Today’s post is a guest write-up by Hory Mukerjee. Hory is a travel enthusiast and works with Infosys. He has authored a book, loves to read, write and travel. His father being from the Armed forces, he had the opportunity to travel through the length and breadth of the country. Here is Hory’s take on Ooty.
Text by Hory Mikerjee. Pictures from paintedstork.com
Ooty, the queen of hill stations, has been a popular tourist destinations for years. However, it fails in living up to its name. I was majorly disappointed with my visit to Ooty this summer.
Ooty attracts a lot of people in peak summer season. Hotels were in a mess and were very crowded. The commercial junction of ooty (charing cross) looked more like a busy street in Mumbai or Bangalore, the only difference being the hills surrounding the town. There are many hotels, but finding a good one is always a big question mark. A quick search in the town may show up just a handful of good places, and the rates are never a good value for money. However, there is no dearth of rooms and it is not hard to find a place without advance bookings. Tamil Nadu tourism provides a list of homestays, and it would be a good idea to check them out if you are looking for some local flavour.
The places for sightseeing around Ooty disappointed me majorly, all of them being highly commercialized. The beauty of nature can be experienced within oneself if a place is serene or calm. But none of the places I visited kept up to the great praises I had heard earlier. All tourist points were flooded with people, or had become dump yards for garbage. The ooty lake, a place much spoken of, is also commercialized. However, a ride on the small toy train beside the lake wasn’t very disappointing. It was much better than the boat ride.
The rose garden is another beautiful place with a variety of flowers. One gets mesmerized and intoxicated with the fragrance of roses. It is a paradise for photographers too. Another good place to visit is the St. Stephens’s church in the middle of the city, which does not attract many visitors. The wall decors of the church are worth a mention.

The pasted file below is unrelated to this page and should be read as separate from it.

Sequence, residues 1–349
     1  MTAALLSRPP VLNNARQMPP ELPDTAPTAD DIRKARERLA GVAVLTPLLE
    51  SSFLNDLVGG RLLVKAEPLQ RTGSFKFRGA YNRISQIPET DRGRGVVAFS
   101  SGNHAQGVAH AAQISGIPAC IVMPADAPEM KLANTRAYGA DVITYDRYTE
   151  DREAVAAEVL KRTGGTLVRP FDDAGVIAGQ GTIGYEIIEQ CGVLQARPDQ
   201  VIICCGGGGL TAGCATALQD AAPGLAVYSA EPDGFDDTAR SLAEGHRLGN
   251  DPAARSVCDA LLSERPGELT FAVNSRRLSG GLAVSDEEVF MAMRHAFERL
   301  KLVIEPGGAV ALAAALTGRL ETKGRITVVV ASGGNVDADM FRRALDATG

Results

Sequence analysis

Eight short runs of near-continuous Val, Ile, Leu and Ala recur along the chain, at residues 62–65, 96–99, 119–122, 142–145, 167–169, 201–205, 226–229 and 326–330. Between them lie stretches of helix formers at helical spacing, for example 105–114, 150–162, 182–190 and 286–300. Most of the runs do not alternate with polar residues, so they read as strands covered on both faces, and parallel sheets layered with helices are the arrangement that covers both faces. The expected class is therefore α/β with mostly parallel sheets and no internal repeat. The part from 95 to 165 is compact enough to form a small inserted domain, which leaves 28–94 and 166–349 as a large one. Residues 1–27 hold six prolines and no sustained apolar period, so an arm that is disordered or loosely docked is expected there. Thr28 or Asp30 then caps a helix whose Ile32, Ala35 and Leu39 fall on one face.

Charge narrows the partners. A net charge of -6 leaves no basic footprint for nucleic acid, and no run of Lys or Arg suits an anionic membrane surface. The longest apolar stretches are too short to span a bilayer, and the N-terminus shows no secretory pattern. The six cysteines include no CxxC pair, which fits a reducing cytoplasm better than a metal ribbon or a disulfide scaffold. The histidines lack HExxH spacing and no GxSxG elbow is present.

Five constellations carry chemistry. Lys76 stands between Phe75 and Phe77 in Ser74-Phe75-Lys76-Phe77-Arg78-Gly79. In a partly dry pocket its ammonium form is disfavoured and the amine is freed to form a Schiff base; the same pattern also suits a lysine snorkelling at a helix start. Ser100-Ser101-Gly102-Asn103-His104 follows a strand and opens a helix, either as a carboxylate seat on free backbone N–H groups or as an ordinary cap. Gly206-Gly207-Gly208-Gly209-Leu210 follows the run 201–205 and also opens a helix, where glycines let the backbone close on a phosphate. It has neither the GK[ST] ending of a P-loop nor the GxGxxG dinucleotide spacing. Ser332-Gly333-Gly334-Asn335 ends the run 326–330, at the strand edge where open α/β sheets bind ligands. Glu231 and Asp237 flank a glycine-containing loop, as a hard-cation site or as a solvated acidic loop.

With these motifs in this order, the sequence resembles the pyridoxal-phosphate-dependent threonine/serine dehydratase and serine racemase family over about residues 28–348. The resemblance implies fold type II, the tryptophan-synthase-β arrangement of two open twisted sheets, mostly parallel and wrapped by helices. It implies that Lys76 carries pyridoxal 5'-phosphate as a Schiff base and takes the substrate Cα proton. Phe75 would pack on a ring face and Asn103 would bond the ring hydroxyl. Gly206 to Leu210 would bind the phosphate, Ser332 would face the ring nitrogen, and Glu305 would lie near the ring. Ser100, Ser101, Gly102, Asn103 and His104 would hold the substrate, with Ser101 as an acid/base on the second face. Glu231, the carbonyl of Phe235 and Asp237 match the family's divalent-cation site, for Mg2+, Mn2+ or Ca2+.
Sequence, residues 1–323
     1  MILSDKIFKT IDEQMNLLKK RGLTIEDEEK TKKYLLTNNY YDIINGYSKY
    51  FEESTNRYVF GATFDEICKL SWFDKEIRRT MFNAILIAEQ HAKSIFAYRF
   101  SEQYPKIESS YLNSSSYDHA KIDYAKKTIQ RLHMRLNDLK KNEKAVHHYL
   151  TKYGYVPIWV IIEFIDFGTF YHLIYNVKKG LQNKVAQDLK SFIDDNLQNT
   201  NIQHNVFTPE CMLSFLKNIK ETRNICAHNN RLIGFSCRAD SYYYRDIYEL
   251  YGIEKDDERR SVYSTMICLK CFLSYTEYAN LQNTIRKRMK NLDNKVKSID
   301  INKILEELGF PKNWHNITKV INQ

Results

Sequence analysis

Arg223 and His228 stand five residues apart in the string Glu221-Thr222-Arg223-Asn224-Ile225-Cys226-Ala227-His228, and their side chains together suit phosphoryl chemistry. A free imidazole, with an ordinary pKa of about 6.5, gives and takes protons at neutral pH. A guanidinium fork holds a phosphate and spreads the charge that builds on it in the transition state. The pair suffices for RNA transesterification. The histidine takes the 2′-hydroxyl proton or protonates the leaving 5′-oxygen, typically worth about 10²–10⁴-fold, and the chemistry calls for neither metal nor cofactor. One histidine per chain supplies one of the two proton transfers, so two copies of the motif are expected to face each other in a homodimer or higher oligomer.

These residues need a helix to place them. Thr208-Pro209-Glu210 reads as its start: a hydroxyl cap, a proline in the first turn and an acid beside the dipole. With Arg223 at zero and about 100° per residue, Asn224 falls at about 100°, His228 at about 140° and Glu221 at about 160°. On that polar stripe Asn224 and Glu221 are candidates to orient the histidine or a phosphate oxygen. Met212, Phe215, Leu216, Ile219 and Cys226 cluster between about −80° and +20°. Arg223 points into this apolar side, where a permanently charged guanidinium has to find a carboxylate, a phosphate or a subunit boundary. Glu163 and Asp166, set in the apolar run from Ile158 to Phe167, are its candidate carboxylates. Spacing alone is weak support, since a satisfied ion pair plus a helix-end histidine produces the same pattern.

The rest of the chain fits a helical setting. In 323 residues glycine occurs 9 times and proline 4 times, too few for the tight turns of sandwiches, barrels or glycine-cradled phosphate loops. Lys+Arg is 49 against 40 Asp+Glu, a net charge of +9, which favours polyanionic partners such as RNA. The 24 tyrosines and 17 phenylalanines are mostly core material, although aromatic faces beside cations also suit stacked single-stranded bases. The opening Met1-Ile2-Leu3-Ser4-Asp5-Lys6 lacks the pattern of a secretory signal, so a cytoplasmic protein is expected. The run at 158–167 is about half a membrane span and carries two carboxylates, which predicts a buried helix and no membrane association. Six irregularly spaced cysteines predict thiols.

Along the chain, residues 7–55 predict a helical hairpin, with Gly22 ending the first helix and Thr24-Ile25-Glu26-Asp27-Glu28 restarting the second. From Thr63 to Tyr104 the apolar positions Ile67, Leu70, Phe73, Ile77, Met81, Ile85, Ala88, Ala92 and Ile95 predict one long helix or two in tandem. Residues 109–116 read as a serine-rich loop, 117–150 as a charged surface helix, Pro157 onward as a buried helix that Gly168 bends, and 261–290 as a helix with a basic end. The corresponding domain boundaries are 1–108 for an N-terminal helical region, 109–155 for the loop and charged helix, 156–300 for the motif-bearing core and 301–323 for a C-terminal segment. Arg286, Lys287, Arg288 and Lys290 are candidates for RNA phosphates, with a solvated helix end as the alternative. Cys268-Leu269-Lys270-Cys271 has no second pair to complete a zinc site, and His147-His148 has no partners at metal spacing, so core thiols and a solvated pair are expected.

Another spot that I enjoyed thoroughly was the tea factory in ooty. The manufacturing unit was running when I visited, and it was a good learning for a curious tea lover that I am. You also get to buy good quality tea and chocolates from here. Another place to look for excellent chocolates and fudges is the Kingston bakery at the charring cross.
A day of trip to Pykara falls, Mukurthi National Park, Avalanche, fifth mile and ninth mile is not very disappointing either. Pykara falls is a treat for photographers.
The journey to ooty would be incomplete without a toy train ride from the ooty station. The ride is amazing, as the train runs through picturesque valleys. There is a long queue in the station for tickets, so it is always better to buy in advance through irctc.
Though Ooty is a big disappointment, it still holds a charm. It is a good, quick gateway from Bangalore. However, if you are looking up to stay in proximity to nature and away from the hustle bustle, Coonoor (16 kms from ooty) is a better option than Ooty.